The SCORE Business Learning Center (SBLC) provides aspiring and existing small business owners the business strategies and tactics needed to make sound decisions and achieve greater levels of success.
The SBLC supplements the business resources available on score.org. It fills the gap between the high-level content on our website and the personalized expertise obtained from a mentor.
At the end of a course, users will feel they have a better understanding of their chosen topic and the resources available for continuous learning. They will also have a mentor they can work with to apply the learning to their business.
You will find it here… https://www.score.org/biz-learning-center
The “gig economy” — the market for individuals providing services or working on projects on a freelance on-demand or short-term contract basis — has been a growing trend. While there are no official gig economy statistics available to measure its prominence, we can make some assumptions about its increasing popularity based on other available data.
According to information reported by the United States Census Bureau, the number of non-employer businesses, the group of individuals most likely to work on gig basis, was 24,331,403 in 2015. That’s 10% more than the 22,110,628 non-employer businesses in 2010.
And opportunity abounds for independent professionals who take on gig assignments. Many businesses outsource work to independent contractors and freelancers when their staffs are overwhelmed and to avoid the costs of benefits and ongoing payroll that come with hiring new employees. Continue reading
In the course of serving our nation, veterans learn valuable skills and self-discipline that they can carry through to their post-military careers. One professional path that many veterans take is entrepreneurship.
According to the most recent U.S. Census data, in 2012, the number of veteran-owned businesses was 2,521,682 (9 percent of all companies in the U.S.). Those businesses employed over 5 million people. Continue reading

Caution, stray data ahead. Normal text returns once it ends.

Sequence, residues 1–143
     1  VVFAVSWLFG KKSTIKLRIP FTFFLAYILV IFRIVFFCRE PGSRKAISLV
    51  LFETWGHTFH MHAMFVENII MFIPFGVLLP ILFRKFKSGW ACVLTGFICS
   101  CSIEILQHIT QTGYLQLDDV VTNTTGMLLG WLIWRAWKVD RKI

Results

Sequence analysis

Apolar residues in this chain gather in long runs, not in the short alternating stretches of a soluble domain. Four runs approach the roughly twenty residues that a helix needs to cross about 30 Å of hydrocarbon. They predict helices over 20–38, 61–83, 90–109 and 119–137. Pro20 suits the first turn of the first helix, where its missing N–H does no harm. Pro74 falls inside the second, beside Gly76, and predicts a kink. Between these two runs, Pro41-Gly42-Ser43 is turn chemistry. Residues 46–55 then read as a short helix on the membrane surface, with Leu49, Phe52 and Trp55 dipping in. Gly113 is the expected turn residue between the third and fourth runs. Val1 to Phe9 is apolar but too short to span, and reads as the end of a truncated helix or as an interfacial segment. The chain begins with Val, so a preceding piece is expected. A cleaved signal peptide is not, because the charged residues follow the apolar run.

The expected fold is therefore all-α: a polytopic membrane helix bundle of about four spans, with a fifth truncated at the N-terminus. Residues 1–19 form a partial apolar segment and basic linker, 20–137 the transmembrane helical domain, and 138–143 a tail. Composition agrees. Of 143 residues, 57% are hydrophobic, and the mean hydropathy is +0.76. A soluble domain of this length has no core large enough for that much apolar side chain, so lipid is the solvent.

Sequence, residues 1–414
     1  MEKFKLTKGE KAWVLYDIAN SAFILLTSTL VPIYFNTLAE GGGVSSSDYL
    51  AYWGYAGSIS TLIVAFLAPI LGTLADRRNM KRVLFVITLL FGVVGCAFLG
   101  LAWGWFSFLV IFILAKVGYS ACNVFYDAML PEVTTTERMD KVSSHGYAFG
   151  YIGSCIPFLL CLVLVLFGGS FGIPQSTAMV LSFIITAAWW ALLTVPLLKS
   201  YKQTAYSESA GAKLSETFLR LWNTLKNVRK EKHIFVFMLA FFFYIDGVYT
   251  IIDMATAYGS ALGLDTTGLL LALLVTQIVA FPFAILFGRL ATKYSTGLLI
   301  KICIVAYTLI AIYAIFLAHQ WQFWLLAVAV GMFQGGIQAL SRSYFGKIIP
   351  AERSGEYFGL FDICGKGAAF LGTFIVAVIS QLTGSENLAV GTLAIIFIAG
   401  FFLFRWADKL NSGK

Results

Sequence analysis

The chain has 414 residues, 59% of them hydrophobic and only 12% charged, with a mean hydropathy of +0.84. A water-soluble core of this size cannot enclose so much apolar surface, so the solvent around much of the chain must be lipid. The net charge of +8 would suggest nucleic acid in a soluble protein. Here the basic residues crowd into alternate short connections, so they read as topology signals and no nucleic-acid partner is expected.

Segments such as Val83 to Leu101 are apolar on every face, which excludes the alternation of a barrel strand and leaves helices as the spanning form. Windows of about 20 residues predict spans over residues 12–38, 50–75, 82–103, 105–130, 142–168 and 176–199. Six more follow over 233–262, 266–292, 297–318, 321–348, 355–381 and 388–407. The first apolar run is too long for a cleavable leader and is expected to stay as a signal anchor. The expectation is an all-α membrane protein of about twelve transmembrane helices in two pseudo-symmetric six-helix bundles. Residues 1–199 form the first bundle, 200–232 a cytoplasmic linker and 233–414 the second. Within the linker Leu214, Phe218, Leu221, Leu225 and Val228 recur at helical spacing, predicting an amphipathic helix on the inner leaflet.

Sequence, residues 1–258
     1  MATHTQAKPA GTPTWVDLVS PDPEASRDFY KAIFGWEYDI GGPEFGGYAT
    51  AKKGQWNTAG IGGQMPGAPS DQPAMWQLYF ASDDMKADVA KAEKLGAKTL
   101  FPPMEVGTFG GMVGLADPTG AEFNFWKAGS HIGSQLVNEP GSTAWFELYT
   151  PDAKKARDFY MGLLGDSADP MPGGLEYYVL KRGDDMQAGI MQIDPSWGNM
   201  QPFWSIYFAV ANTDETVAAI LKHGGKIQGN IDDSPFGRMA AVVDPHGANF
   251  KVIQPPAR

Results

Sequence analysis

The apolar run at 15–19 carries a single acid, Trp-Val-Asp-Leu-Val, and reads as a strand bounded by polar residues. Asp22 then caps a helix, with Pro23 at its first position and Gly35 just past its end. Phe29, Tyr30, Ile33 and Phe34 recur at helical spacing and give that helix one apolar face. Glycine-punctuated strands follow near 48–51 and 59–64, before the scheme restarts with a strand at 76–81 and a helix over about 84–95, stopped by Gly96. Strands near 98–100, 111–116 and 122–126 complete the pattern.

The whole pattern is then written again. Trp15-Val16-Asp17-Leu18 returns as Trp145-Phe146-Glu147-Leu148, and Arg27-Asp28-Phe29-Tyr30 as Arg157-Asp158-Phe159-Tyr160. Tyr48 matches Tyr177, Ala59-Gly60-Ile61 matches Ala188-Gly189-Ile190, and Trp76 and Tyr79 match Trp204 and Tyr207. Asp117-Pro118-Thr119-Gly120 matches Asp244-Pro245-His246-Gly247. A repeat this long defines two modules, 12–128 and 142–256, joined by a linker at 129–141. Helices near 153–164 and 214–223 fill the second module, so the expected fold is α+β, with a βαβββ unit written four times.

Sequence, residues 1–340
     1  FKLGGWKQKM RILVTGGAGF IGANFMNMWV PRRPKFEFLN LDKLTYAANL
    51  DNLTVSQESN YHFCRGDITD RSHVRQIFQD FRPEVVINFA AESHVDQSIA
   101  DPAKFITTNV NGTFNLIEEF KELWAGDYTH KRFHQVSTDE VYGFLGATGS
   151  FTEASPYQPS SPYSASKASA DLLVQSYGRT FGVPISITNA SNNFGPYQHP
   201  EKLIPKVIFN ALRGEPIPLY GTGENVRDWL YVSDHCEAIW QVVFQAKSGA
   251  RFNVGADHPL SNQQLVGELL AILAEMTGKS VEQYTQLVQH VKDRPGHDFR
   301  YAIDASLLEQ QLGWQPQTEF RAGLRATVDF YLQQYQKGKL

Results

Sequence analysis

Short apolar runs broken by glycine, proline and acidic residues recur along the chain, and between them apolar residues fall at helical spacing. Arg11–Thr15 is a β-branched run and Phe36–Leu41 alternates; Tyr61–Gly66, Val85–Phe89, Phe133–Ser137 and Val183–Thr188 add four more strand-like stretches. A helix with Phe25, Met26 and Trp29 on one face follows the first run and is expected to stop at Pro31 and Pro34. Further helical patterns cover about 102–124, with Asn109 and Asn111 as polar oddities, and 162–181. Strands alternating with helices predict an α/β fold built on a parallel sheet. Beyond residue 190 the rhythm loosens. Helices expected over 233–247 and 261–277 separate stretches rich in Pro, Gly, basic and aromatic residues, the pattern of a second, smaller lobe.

The Tax Cuts and Jobs Act (TCJA) created a new 20% deduction for pass-through entities. Though the IRS has not fully interpreted the new rules—which won’t go into effect until the 2019 tax season—many of the implications are clear. This article’s companion piece examined what qualifies as a Pass-Through Entity (PTE).
This blog hopefully sheds some light on how PTEs will be impacted by the new law.
Why a Deduction for Pass-Through Entities?
Since their inception, pass-through entities have been a popular choice for entrepreneurs, especially after the 1986 Tax Reform Act (TRA). Better known as President Reagan’s second tax cut, the TRA was passed by Congress to simplify the tax code and adjust the federal tax brackets. Continue reading
by Ken Sethney, Volunteer Mentor, Kitsap SCORE
Let me begin by saying that I have tremendous respect for sales people. They have an extremely difficult and vitally important job. When they are successful, everyone wins —customers, owners, managers, widget makers, support staff, and consultants.
Therefore, it is in everyone’s interest that sales people are given the support, encouragement and tools they need to succeed. To that end, I offer the following strategies for increasing sales productivity. When they are successfully implemented, your customers and everyone in your organization will benefit. Continue reading
The passage of the Tax Cuts and Jobs Act (TCJA) brought renewed focus upon pass-through entities (PTEs). In spite of their widespread popularity, PTEs are commonly misunderstood. While thought of primarily as small businesses with few employees that generate a fraction of overall business profits, the truth about PTEs tells a very different story.
As it turns out, pass-through entities are the most popular structure in the US, employing millions of workers and churning out billions of dollars in annual revenues.
This article will demystify many of the misconceptions about PTEs and explain how the TCJA will affect these companies—and the US economy—in the future. Continue reading